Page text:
Sadie's story

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Sadie Shoesmith, 24, is a Bar Tender at The Mail Coach, a mixed and gay community pub in Fleet Street, Swindon.

Sadie started at The Mail Coach on a traineeship in September 2015 and has recently been offered permanent employment

Sophie has Post Traumatic Stress Disorder. She lives in supported accommodation near old town.

Pluss delivers Work Choice, the Department for Work and Pensions specialist disability employment programme. Work Choice receives funding from the European Social Fund for customers referred to the programme prior to 25th April 2017.

Sadie’s words

“I clear up, hoover, wipe down and open up. I work behind the bar, serve and make a good atmosphere.

“I like getting on with customers and getting to know people. I have good communication skills, I think I can bring peoples personalities out and make sure everyone is welcome. We are a small team; they support me and give me advice.

“I have been diagnosed with Post Traumatic Stress Disorder (PTSD) which means I have real ups and downs. My confidence sometimes knocks me down. I had no self belief before I was in work and although I was there for other people, I was never there for myself. I was out of work for over a year.

“I always felt that people thought I was useless because I was out of work. I am a bubbly person and didn’t try to let it bring me down but I was worried what people thought of me. I wasn’t in a good place but I never told anyone as I didn’t want people to think that I was a problem.

“I did have another job briefly but it didn’t work out. Before this I had only ever had a paper round and not a proper, decent job.

“When I came to Pluss, I attended courses and my Job Broker, Paul, was amazing; he really helped boost me up. I did employability courses, communications skills, confidence building, interview skills, team building and they helped update my CV.

“Because I felt more confident, I found this job and applied. Paul then spoke to Marc, the Manager at the Mail Coach, and told them about Pluss and the traineeship. Marc was very supportive and gave me a chance; I think he saw I had it in me.

“There were a few issues initially but Pluss put a job coach with me. They helped me to learn my way in the bar, with stock and cleaning. We put together a checklist so I knew what I had to do. I was also shown how to deal with money and to change the barrels and gas cylinders. Now I am picking up the pace a bit more.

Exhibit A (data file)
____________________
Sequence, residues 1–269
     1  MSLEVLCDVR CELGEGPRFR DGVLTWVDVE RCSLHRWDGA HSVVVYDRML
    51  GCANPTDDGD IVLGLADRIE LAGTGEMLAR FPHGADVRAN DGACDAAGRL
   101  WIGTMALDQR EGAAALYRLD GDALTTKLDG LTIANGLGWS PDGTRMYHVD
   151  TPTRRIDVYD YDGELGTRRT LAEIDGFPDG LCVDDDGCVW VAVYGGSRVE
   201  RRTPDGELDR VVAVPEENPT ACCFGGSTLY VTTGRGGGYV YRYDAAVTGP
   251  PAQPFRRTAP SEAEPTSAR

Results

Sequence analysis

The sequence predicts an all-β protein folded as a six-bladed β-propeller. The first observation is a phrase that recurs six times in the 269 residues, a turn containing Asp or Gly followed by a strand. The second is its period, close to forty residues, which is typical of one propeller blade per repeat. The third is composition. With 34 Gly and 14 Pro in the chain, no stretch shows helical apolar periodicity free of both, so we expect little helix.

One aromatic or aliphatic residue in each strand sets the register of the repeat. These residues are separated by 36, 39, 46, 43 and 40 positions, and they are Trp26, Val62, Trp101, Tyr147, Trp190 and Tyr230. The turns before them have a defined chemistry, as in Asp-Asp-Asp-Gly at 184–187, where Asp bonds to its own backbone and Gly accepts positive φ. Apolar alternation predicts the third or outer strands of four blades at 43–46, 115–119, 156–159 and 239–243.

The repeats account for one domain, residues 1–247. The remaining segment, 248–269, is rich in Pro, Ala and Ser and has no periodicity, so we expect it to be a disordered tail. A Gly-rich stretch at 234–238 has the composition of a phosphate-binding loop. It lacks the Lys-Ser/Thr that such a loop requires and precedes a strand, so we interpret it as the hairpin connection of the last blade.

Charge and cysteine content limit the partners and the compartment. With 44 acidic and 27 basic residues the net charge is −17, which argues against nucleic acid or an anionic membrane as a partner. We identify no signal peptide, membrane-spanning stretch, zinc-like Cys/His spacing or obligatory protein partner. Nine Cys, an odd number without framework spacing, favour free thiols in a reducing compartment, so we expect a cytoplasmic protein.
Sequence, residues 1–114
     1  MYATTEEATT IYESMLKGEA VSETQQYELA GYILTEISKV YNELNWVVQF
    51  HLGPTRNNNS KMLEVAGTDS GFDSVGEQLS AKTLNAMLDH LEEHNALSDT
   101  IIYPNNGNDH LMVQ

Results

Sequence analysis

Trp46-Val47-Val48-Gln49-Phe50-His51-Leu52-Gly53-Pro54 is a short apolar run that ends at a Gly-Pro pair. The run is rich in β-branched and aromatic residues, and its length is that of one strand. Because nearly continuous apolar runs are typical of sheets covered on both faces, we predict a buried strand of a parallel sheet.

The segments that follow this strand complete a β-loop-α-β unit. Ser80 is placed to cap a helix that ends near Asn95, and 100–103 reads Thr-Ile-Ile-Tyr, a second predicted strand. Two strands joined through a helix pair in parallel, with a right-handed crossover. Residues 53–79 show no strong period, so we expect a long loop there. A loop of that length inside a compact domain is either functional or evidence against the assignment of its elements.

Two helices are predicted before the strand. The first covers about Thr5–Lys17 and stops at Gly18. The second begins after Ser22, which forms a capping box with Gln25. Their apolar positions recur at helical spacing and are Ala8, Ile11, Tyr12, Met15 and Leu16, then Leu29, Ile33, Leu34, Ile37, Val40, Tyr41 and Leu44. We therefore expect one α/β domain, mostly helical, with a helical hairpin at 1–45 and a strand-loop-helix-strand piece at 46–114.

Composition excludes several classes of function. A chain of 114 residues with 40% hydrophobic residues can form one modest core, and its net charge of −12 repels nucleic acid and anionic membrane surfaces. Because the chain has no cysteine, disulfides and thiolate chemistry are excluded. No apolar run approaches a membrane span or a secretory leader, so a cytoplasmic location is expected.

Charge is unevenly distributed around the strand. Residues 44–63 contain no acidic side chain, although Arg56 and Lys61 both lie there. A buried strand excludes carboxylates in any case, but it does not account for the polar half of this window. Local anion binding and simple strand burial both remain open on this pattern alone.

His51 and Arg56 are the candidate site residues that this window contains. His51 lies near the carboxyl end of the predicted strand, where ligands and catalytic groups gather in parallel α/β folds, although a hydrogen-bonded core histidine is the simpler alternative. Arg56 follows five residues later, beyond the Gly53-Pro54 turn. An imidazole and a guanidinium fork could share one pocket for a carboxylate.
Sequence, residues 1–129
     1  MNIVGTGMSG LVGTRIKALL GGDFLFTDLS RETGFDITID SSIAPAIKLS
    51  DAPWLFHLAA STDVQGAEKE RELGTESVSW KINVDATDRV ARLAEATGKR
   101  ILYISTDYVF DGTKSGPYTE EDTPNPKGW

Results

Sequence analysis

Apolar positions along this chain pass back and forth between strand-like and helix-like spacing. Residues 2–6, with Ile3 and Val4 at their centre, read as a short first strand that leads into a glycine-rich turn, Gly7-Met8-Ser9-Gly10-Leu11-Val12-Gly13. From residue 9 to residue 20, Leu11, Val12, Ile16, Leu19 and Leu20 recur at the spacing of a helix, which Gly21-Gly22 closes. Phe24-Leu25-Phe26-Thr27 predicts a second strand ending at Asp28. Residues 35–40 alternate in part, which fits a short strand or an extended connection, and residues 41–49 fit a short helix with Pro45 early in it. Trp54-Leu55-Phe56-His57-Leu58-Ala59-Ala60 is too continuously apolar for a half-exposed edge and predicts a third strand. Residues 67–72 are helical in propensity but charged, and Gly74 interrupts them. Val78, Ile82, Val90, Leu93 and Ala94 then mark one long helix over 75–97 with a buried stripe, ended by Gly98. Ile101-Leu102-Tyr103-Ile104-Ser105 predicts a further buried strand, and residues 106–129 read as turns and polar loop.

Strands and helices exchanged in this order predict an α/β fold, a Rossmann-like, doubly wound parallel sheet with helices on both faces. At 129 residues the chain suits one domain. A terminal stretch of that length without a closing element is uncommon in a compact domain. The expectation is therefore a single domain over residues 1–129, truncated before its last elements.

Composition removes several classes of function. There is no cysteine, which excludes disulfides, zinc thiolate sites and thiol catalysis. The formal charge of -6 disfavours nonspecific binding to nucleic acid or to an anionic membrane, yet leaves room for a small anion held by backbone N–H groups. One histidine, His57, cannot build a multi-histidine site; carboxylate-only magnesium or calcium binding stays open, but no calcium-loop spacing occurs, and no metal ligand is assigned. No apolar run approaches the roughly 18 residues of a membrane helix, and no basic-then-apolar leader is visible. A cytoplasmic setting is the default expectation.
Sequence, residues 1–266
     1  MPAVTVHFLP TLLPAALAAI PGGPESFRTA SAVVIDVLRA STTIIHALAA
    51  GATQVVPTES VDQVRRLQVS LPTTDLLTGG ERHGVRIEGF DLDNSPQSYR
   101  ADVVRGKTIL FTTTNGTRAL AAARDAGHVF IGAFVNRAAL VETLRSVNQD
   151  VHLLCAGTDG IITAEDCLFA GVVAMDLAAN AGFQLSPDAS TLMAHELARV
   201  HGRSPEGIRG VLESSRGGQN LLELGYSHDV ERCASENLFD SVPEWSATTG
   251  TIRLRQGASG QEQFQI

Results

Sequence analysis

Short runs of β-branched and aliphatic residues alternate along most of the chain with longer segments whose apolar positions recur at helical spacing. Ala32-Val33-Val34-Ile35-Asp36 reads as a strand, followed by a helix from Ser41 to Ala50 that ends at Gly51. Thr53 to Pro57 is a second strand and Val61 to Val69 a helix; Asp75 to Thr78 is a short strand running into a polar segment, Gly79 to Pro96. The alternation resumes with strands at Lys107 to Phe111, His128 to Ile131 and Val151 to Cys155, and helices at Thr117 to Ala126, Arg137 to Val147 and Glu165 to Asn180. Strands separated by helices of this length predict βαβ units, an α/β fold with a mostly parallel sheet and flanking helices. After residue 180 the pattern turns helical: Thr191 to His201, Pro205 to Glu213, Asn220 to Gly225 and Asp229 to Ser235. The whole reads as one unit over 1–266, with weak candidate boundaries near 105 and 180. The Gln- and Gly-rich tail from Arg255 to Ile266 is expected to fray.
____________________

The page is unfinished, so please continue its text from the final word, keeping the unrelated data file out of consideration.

“When I was offered the job I was absolutely ecstatic; I was dumbstruck and relieved. I expected it to be a no. I got congratulations cards from my family.

“Now it means I’m not stuck in the house all day. I have more money in my pocket to do the things I want to do. I didn’t want to be portrayed as on benefits. I wanted to work hard and earn my own money.

“I am a lot happier too; my confidence and overall self belief has improved.

“Marc has given me a fantastic opportunity and I am so grateful. I wanted to prove that I can do it. Now I can see that I am not a waste of space and that I do a good job. This has been such a good experience and I am happy on the inside.”

Marc Schofield, Manager of The Mail Coach pub

“Sadie’s confidence has really started to shine through. She is much more confident, gets on with customers well and uses her initiative.

“When I am recruiting, I look for people who are bubbly, chatty and ideally have a bit of bar experience. Sadie had some experience but her confidence wasn’t quite there. Sadie told me she had a disability, I didn’t dig but I felt that we needed to give her a chance. I could tell there was something there that we could bring out.

“Sadie told me about Pluss and I contacted Paul. She started on a traineeship which worked out well for both sides. It was a good stepping stone for Sadie and it also meant that we had nothing to lose by giving it a go. It also gave us the chance to bring out what we saw in Sadie and gave her the opportunity to develop her skills.

“We received a lot of support from Pluss. They would come in and help smooth out any difficulties, particularly as Sadie would take any advice very personally as her confidence was so low. A job coach also helped Sadie learn the job and they came in to review regularly. They’ve been really good.

“It’s great that there is a programme out there to help people back into work. Whatever is holding you back in life, everyone deserves a chance and people should be given the opportunity. There are so many people out there who have skills like Sadie, and who just need a bit of time and support.

“Employers need to look past the disability and realise what people can bring to their company. There may be ups and downs along the way – you always get that – but it’s important to give the person a chance.”